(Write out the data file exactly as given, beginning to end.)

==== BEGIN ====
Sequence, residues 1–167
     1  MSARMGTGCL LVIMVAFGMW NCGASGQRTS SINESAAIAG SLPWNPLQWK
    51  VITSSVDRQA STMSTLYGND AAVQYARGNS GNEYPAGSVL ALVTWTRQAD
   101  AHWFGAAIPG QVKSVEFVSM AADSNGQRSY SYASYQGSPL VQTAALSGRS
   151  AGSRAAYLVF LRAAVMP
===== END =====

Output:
Sequence, residues 1–167
     1  MSARMGTGCL LVIMVAFGMW NCGASGQRTS SINESAAIAG SLPWNPLQWK
    51  VITSSVDRQA STMSTLYGND AAVQYARGNS GNEYPAGSVL ALVTWTRQAD
   101  AHWFGAAIPG QVKSVEFVSM AADSNGQRSY SYASYQGSPL VQTAALSGRS
   151  AGSRAAYLVF LRAAVMP